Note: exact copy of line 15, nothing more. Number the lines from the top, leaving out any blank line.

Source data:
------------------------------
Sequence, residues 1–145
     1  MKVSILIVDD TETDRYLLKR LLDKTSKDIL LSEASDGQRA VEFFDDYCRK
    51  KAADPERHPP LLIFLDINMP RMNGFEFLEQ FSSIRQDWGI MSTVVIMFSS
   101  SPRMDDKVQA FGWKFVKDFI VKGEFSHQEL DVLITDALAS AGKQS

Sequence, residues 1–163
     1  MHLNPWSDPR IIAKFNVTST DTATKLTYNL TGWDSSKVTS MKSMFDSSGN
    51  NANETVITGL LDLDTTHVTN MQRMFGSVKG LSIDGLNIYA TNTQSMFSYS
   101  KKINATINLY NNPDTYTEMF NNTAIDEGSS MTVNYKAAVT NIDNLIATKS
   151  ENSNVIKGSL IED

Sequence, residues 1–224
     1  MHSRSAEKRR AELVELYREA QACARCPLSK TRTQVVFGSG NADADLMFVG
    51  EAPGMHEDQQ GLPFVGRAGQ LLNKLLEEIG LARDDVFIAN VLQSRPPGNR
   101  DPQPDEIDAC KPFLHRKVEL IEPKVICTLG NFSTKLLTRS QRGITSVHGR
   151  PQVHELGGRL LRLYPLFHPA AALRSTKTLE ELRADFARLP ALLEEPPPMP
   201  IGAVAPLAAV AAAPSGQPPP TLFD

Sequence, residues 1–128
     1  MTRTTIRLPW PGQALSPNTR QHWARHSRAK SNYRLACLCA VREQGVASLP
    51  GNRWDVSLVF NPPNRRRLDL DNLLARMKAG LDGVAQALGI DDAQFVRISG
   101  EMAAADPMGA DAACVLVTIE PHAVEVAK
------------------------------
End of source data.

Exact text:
   201  IGAVAPLAAV AAAPSGQPPP TLFD